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What are the most valuable global brands? Two are from Europe

What are the world's most valuable brands?
What are the world's most valuable brands? Copyright Canva/Maxiphoto
Copyright Canva/Maxiphoto
By James ThomasDoloresz Katanich
Published on Updated
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US companies dominate the global top 20 list, which features just two businesses from one European country.

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Amazon has been crowned the world's biggest brand in 2023, standing at an estimated value of $299.28 billion (€273.49 billion) despite dropping $51 billion over the past year.

In a study published by financial analysis outlet TradingPedia on Tuesday, the US e-commerce giant climbed the ranking to leapfrog last year's top dog Apple, which lost 16% of its value down to $297.51 billion.

Google came in third, increasing its worth by almost $18 billion since last year to reach $231.38 billion.

The US is by far the most represented country in the ranking's top 20, making up half of the companies listed for a combined worth of about $1.5 trillion. The largest non-US company is South Korean tech company Samsung, coming in sixth place at $99.66 billion.

Europe only features twice in the top 20, in both instances thanks to Germany: Deutsche Telekom's value of $62.93 billion put it in 11th place, while luxury vehicle company Mercedez-Benz is 16th at $58.8 billion.

Yet despite having a limited showing in the top 20, European countries and companies feature heavily in TradingPedia's wider study.

The outlet found that only 30 out of 195 countries have brands in the global top 500 list, and almost half of them (14) are European.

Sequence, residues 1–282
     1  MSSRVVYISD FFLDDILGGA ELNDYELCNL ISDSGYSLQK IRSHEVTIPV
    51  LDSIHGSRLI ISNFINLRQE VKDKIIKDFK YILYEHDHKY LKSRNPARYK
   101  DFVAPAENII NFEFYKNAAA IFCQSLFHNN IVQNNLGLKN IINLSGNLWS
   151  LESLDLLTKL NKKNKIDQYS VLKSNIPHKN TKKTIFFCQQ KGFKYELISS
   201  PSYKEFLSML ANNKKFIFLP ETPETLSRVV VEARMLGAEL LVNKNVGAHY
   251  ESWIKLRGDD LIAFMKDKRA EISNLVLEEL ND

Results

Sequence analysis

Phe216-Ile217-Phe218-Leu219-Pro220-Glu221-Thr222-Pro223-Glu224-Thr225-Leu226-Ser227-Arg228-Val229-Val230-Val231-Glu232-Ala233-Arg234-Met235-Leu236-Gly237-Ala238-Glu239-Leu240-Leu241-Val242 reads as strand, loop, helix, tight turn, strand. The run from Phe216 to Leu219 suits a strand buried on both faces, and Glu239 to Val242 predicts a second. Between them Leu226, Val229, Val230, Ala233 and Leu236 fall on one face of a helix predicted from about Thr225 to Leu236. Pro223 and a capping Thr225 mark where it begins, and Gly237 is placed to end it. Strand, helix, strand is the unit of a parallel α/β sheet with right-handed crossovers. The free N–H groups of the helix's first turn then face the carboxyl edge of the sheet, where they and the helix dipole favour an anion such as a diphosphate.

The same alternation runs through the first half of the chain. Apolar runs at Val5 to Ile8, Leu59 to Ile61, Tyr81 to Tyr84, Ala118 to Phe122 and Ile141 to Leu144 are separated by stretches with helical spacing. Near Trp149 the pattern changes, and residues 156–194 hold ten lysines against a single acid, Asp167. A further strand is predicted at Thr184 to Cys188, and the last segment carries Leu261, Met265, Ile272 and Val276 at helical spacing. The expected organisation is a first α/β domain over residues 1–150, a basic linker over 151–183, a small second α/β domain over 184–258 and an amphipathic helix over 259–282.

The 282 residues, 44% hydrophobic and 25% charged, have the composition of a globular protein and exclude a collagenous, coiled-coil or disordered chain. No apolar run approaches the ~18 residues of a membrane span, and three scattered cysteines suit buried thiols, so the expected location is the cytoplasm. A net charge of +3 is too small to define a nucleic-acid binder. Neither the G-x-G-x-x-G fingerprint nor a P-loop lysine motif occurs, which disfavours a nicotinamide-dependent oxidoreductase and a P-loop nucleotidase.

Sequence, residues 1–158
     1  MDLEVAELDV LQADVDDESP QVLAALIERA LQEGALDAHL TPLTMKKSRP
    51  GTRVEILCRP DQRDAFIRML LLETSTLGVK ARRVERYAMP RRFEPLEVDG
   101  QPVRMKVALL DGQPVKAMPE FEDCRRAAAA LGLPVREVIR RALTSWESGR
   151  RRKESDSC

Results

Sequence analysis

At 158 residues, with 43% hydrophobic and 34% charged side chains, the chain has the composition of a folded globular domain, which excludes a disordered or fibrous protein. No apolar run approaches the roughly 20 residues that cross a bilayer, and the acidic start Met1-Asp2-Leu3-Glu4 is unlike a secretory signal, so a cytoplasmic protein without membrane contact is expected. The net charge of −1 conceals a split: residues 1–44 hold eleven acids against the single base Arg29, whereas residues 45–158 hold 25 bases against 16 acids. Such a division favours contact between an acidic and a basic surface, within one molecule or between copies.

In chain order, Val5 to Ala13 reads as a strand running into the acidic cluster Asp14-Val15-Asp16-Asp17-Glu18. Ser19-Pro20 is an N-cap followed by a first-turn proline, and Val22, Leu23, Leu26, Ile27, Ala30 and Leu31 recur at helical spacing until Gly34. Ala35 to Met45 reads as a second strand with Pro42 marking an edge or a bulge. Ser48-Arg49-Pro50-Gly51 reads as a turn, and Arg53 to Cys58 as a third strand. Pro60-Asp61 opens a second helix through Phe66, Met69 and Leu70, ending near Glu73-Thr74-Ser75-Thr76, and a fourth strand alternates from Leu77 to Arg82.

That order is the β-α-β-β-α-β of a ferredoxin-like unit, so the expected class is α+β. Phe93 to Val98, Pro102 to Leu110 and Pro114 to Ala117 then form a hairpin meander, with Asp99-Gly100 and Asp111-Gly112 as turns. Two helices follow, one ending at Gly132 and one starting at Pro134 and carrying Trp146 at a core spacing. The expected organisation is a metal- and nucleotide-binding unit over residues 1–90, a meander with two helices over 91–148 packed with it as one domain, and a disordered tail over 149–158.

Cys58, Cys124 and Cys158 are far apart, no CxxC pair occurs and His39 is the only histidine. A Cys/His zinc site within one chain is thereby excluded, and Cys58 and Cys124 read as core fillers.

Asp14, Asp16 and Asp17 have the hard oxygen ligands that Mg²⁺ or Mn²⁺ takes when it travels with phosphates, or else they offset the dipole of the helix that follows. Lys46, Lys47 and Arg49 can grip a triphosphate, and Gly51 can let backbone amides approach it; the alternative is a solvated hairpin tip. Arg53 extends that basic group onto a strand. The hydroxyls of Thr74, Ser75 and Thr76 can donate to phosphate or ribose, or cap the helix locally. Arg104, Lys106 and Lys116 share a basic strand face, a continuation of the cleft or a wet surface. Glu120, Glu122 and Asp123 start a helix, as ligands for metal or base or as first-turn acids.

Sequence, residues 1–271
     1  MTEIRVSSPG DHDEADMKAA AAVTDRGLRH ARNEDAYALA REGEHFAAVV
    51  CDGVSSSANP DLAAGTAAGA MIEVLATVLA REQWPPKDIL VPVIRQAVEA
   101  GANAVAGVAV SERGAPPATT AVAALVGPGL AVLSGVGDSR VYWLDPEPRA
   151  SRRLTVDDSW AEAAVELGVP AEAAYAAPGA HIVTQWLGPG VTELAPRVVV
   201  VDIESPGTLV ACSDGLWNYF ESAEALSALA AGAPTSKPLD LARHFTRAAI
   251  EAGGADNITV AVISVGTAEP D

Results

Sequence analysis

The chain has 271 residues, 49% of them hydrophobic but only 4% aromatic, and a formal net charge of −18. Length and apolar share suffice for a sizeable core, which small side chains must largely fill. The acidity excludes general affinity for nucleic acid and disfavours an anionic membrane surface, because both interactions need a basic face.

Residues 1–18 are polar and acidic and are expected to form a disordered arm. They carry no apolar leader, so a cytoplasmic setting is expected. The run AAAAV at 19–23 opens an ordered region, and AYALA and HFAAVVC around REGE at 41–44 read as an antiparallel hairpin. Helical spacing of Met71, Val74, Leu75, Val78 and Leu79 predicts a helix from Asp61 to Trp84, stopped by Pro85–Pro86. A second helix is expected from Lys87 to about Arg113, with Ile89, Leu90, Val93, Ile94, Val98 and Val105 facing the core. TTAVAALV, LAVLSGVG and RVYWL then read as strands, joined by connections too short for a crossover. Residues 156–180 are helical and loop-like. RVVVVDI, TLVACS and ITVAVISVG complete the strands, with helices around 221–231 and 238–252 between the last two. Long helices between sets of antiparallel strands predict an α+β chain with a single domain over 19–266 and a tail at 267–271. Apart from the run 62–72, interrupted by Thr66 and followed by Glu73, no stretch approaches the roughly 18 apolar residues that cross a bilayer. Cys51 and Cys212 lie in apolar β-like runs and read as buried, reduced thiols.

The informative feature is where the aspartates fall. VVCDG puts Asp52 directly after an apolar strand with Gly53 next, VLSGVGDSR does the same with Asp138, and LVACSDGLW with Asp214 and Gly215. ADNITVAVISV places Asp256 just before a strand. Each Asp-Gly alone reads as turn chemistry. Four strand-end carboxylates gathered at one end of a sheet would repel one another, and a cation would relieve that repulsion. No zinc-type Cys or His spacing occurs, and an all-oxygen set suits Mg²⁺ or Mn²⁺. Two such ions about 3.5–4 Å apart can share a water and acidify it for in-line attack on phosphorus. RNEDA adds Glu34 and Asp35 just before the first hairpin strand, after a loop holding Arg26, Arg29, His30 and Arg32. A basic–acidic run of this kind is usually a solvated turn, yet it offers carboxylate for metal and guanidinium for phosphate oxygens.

Check out our interactive map to find out what the most valuable brand is from European countries featured in the TradingPedia report: 

A handful of countries have a monopoly on big brands

Very few countries seem to be able to produce big brands in any kind of volume, according to TradingPedia.

It found that there are only 20 nations with more than three brands in the top 500: the US, South Korea, China, Germany, Japan, the UK, Saudi Arabia, India, France, Canada, Italy, Spain, Sweden, Russia, the UAE, Australia, Switzerland, Singapore, Brazil, and the Netherlands.

The US and China are the clear frontrunners on the world stage, accounting for 202 and 79 of the top 500 brands, respectively. When looking at the top 100, more than half (53) are from the US and 22 are from China.

Germany has seven brands in the top 100, followed by Japan with six, South Korea with four and the UK with three.

Forget brands - what are the biggest industries?

When looking at industries as a whole, banking dominates when considering the number of brands in each sector, according to TradingPedia: around 14.2% of all brands in the top 500 are banking and financial services companies, while 10% are in retail.

However, when looking at overall value, technology and retail come out on top, with tech brands representing around 13.4% of the total value of the top 500 companies and retail brands 13.2%.

Not every country has the capacity to give rise to a major brand, and larger economies tend to have an advantage in this regard. 

Nevertheless, globally recognised brands can emerge from diverse corners of the world, and in some instances, smaller economies manage to create well-known brands against all expectations: Finland's Nokia phones and Mexico's Corona beer to name but two.

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